200 Christchurch pupils enrolled

About 200 Christchurch primary and secondary school pupils are now enrolled in Queenstown and Arrowtown schools as families continue to leave Christchurch after last month's earthquake.

Queenstown Primary School now has 45 Christchurch children enrolled, St Joseph's School 15, Kingsview School 2, and there are about 60 at Arrowtown School, 34 at Remarkables Primary School and 45 at Wakatipu High School.

Almost all the schools said they had more enrolments pending, or were expecting more pupils to enrol in the coming weeks.

The Queenstown Lakes District Council met community representatives on Friday to discuss the effects of the disaster and gauge the impact of the large numbers of displaced people being welcomed into the community.

Findings from the meeting are expected to be released today.

School principals said it was unknown how long the pupils, whose ages span all levels from primary new entrants to the last year of high school, will attend Queenstown schools.

"It's hard to tell," Queenstown Primary School principal John Western said.

"Two children have already returned to Christchurch, and some other children's families have entered into long-term rental agreements."

Wakatipu High School deputy principal Grant Adolph said, while some people indicated they would stay, some were here short term and some pupils were returning to Queenstown from boarding schools. Everything depended on what happened in Christchurch, he said.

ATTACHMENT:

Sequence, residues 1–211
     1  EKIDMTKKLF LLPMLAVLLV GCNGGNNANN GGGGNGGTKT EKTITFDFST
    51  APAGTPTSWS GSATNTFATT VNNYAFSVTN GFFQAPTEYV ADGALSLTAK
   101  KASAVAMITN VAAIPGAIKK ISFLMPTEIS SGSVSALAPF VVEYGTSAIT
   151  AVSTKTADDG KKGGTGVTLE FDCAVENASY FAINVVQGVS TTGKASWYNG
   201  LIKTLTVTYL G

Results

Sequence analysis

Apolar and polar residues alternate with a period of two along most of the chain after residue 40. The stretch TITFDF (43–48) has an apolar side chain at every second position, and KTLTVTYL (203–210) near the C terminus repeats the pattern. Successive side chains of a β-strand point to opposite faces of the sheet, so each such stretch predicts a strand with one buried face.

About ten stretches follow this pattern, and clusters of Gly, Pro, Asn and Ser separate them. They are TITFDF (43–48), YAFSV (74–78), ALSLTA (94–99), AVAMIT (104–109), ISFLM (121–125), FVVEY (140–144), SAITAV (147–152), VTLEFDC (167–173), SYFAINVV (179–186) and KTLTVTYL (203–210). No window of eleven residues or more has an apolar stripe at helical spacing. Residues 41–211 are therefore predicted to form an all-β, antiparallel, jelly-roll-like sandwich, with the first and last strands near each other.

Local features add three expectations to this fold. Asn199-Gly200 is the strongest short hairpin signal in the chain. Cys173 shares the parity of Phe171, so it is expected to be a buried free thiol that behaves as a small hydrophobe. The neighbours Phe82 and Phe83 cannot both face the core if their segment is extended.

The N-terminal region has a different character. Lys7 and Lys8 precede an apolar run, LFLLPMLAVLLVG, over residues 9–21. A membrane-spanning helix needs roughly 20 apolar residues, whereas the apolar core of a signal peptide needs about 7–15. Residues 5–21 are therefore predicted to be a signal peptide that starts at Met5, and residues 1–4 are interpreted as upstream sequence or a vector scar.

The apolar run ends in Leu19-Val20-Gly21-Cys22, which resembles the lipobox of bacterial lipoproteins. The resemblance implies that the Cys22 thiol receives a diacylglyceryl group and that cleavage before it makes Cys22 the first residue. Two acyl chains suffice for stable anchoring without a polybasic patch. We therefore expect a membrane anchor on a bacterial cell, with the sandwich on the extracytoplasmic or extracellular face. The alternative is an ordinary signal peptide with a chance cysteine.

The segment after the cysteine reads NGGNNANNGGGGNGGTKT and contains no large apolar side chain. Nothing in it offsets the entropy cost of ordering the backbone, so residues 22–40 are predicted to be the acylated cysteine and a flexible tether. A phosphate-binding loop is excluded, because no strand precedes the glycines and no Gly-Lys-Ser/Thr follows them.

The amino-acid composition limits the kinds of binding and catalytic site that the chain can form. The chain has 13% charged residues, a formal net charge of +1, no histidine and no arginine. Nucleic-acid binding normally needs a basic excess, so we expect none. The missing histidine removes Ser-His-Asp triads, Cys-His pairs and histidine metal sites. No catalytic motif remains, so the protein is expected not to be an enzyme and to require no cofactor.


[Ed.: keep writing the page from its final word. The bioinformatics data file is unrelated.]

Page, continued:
"We don't know and the families don't know, and our approach is that we are here for as long as what they feel is needed."

The general consensus among schools was that pupils were settling in well, although some were reported to be anxious, upset and "a bit lost".

"Their parents have said that it's a blessing that children are back at school and they have something to focus on," Arrowtown School principal Robin Harris said regarding his Christchurch pupils.

"It certainly has made them more relaxed. There obviously have been tears and people upset, and that's totally understandable, but by and large they are settling in well and seem to be making friends."

Some schools have been making counselling support available to pupils who request it, and Wakatipu High School has set up a "buddy programme" to help new pupils get to know the school.

"There are a number of students who were right in the thick of it in the town square, and people that were on their way home," Mr Adolph said.

"We are enrolling them and treating them as our own and endeavouring to put together a personalised education plan for each student so that they can normalise life as much as they can, so they can continue learning."

Principal of St Joseph's School Trisch Inders also reported, in addition to Parent Teacher Association and Strengthening Families Trust support, the Ministry of Education had been of great assistance.

 

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